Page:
The Nevada County Community Advisory Group will consider zoning, setbacks and land use at its next meeting
NEVADA CITY — What size garden will you be able to cultivate in Nevada County? And in what size parcel? Where will your garden be located on your property? These are some of the most important questions farmers face about the future of cultivation in Nevada County, and they will be discussed at the next Community Advisory Group, or CAG, meeting Tuesday June 27.
On the agenda is a review of Land Use and Zoning concepts, a review of Land Use and Zoning issues related to cannabis cultivation in the county, a review and discussion of current land use and zoning parameters for cultivation areas in the county and identification of potential adjustments, according to the agenda sent to CAG members.
It is unclear exactly what that means since there are no backup materials accompanying the agenda. But if we have learned anything from other counties, it is how important is to get the zoning and setbacks right when writing a cultivation ordinance, so farmers don’t get left behind and they can be encouraged to enter the permitting process with ease.
The CAG, as it is now known, is a group of 16 community members picked to develop recommendations for a permanent cannabis cultivation ordinance to the the Board of Supervisors. They will meet five more times before drafting a document county staff can turn into policy by March of 2018.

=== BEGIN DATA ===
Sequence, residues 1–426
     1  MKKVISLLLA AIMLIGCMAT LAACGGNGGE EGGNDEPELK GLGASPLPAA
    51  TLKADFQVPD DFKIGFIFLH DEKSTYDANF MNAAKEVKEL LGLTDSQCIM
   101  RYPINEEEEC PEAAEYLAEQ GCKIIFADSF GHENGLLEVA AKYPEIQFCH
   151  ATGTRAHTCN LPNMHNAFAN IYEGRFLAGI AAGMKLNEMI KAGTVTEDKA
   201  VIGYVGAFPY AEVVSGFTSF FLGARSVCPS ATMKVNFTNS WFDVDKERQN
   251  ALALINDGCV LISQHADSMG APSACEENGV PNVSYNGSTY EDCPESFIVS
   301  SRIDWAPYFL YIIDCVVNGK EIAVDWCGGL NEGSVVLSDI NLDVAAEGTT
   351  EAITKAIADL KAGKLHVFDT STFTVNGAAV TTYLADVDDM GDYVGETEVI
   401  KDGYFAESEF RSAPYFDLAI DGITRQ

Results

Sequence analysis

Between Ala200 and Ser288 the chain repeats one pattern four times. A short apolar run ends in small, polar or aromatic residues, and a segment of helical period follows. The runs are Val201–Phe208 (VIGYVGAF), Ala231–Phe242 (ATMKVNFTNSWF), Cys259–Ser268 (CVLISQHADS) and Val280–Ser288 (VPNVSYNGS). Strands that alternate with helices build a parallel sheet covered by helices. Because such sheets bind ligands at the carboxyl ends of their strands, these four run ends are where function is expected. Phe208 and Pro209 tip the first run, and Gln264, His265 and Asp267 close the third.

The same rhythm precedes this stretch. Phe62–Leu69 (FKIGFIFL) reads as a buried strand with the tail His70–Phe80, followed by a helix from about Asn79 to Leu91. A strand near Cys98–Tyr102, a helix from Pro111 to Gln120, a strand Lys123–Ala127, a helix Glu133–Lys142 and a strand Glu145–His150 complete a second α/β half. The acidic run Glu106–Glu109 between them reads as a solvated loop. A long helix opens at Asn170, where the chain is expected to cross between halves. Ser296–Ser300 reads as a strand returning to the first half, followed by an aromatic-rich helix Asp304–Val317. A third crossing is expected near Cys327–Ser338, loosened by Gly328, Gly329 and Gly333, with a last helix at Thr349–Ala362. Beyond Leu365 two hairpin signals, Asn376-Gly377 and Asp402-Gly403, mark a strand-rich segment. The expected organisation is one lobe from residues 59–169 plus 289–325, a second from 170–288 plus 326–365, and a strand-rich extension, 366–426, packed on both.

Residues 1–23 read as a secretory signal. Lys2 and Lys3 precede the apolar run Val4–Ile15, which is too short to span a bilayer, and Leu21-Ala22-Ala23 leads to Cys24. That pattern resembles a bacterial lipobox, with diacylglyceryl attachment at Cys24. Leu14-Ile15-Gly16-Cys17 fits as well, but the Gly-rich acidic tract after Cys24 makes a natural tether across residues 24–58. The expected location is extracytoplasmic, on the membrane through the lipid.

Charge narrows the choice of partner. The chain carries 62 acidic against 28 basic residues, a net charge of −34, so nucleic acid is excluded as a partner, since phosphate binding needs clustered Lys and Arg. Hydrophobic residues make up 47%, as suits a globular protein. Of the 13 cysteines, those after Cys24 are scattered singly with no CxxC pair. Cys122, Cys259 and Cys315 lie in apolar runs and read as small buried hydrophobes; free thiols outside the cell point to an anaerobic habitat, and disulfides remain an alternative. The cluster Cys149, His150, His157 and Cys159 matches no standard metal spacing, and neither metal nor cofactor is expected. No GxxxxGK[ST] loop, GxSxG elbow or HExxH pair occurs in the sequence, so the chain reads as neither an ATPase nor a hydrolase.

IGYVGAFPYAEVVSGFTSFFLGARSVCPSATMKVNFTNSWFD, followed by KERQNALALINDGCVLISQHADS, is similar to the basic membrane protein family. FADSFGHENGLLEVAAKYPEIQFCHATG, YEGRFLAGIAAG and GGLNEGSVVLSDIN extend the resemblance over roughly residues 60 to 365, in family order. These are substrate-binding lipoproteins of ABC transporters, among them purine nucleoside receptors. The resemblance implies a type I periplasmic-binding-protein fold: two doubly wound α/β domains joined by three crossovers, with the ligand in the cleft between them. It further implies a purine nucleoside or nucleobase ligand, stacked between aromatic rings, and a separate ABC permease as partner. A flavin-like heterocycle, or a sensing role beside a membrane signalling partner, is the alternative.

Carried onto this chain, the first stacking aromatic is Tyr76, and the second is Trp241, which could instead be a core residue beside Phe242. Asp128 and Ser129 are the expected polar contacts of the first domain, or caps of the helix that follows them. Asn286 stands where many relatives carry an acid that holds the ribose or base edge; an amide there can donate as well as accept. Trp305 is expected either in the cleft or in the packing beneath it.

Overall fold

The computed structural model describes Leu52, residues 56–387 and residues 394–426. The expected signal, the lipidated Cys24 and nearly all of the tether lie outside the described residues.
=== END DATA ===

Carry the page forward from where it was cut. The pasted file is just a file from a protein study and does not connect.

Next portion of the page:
Under the interim ordinance enacted after Measure W was defeated, setbacks render most parcels in Nevada County unusable for cultivation, making the interim ordinance a defacto ban. Setbacks should be measured from the neighboring residence as it was in previous county ordinances, and not from the property line.
Zoning is the next big issue. If the county decides to strike Residential Ag zoning from the list of other zoning areas where cultivation would be permitted, for example, it could effectively disenfranchised a large population of growers who have run collectives or farm their own medicine on their farms until now.
“This is likely the most important issue the CAG will discuss throughout the summer,” said Diana Gamzon, director of the Nevada County Cannabis Alliance. “Here at the Alliance we have advocated for patients and the industry since before we opened our doors. But if people don’t come out and express what they would like to see here in Nevada County, then our chances of getting the kind of ordinance we would like to see greatly diminishes. Our collective voices need to be heard.”
Gamzon said the cannabis community’s involvement will be key to efficiently create a pathway to regulation and urges the public to provide their input during the public comment section of the meeting, or submit them to CAGmeetingcomments@migcom.com
Here is a Cultivation Size Comparison Chart: